Her message to government and industry: “The Fort Nelson First Nation is governing their territory. We are the decision makers. We are the ones that are going to make the decision of what project goes through or not … we’re not against development, but we do say no to bad ideas.”

The day after Chief Gale took her dramatic stand, Environment Minister Mary Polak withdrew the amendment, promising more consultation, but Chief Gale wants more – a sit down with Premier Christy Clark.

“Most definitely a line has been drawn and there’s only one way forward – and that’s a chief-to-chief meeting,” she said.

If Ms. Clark wants to save her energy agenda, she’d better start there.

Whatever Trevor

Dis is Trevor.

Blast from the past: FP archive

When is Consultation, Consultation?

Ovide Mercredi

National Chief – AFN

During a Treaty Roundtable meeting of the Alberta Chiefs, I took note of a federal government document outlining their strategy to define and ultimately impose their own form of self-government. Read more...

Letting go of residential schools

by Gilbert Oskaboose, Nov 1993 First Perspective

There is a lot of "unfinished business" in Indian Country. Garbage that we as a people have never really dealt with. Chief among them is the whole issue of those infamous residential schools and their impact on people. Read more...

OBIDIAH

obidiah picture

ANALYSIS - Bill Gallagher

gallagher picture

Under the Northern Sky by Xavier Kataquapit

Under the Northern Sky by Xavier Kataquapit

JOBS

First Nations Cultural Interpreter PM – 02 Riding Mountain National Park Seasonal Indeterminate

(May to October) From $54,543 to $58,764

Closing Sept. 19, 2014

Read More

ASSISTANT DEPUTY ATTORNEY GENERAL, ABORIGINAL JUSTICE DIVISION (AMENDED)

Organization: Ministry of the Attorney General, Aboriginal Justice

Toronto, Deadline: Aug. 25, 2014 11:50 pm EDT Read more...

Regional Media Officer– Temp (Until Nov 2015) –F/T Position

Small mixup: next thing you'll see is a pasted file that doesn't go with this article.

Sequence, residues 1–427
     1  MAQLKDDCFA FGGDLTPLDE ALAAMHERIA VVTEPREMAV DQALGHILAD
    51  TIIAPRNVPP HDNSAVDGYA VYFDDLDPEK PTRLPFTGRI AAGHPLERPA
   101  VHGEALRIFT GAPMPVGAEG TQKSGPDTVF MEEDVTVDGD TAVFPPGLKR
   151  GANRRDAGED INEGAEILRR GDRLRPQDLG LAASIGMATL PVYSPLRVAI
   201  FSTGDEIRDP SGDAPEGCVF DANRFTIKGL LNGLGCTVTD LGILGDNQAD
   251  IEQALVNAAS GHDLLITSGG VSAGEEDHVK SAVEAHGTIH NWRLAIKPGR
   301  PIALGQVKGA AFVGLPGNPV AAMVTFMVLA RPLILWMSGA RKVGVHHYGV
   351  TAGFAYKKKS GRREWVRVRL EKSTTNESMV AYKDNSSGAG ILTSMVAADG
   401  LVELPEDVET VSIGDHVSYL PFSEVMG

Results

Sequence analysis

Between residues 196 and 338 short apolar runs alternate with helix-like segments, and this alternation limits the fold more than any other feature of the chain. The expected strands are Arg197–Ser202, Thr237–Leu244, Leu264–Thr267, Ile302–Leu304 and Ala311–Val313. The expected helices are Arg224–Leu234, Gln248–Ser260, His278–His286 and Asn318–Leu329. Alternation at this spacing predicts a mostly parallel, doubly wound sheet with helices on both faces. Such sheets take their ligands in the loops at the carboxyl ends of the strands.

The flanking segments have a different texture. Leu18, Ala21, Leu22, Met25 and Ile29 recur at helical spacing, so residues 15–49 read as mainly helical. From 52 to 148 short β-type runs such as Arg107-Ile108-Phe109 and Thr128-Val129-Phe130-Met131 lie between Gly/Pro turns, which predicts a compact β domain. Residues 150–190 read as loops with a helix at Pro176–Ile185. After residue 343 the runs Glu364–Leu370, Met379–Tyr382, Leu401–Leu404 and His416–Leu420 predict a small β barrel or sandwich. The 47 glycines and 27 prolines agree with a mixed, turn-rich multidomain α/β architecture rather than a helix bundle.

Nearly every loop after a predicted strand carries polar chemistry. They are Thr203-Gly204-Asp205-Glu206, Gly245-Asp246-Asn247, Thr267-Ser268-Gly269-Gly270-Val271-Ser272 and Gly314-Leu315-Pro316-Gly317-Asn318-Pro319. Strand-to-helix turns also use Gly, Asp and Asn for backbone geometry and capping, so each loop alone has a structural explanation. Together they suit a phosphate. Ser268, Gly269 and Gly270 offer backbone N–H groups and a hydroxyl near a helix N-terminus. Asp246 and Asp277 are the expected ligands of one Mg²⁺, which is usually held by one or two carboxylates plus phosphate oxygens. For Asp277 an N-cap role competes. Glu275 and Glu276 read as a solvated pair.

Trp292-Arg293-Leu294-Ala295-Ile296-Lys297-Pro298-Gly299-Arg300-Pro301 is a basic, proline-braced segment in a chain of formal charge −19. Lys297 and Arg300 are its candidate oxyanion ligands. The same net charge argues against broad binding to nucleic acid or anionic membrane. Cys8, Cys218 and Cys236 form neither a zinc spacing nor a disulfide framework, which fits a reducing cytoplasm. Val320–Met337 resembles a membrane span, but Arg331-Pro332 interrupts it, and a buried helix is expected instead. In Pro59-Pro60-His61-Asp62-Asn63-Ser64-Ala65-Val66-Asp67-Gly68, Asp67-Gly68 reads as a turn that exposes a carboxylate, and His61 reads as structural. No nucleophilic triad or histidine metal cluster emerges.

Office of the Leader of the Official Opposition / NDP Research Office

Location:131 Queen Street, Suite 10-02, Ottawa, ON

Responsibilities

Communicate regularly with regional media outlets (community newspapers, radio stations, student media, ethnic media, etc.) to propose ideas for interviews and opinion content Read more...

Canadian Chamber of Commerce Aboriginal Workforce Report

The Canadian Chamber of Commerce released a report that highlights initiatives to improve the workforce participation of Aboriginal peoples. 

Opportunity Found: Improving the Participation of Aboriginal Peoples in Canada’s Workforce (December 2013)  

click image to download report

Wed Jul 23 @ 9:00AM - 05:00PM
Asinabka Film Media Arts Festival
Sun Jul 27 @12:00AM
World Indigenous Business Forum 2014

EVENTS

August 2014
S M T W T F S
27 28 29 30 31 1 2
3 4 5 6 7 8 9
10 11 12 13 14 15 16
17 18 19 20 21 22 23
24 25 26 27 28 29 30
31 1 2 3 4 5 6
imageimageimageimageimage
cartoonscartoonscartoonscartoonscartoons

Current Video

RIP Percy Tuesday

 

Thanks to Althea Guiboche for allowing The First Perspective to share her video taken at the Manitowapow book launch at McNally Robinson. 

Percey sings Freddy Fender's "Wasted Days and Wasted Nights" and people join in to harmonize. 

Last Week Tonight with John Oliver (HBO): The Washington Redskins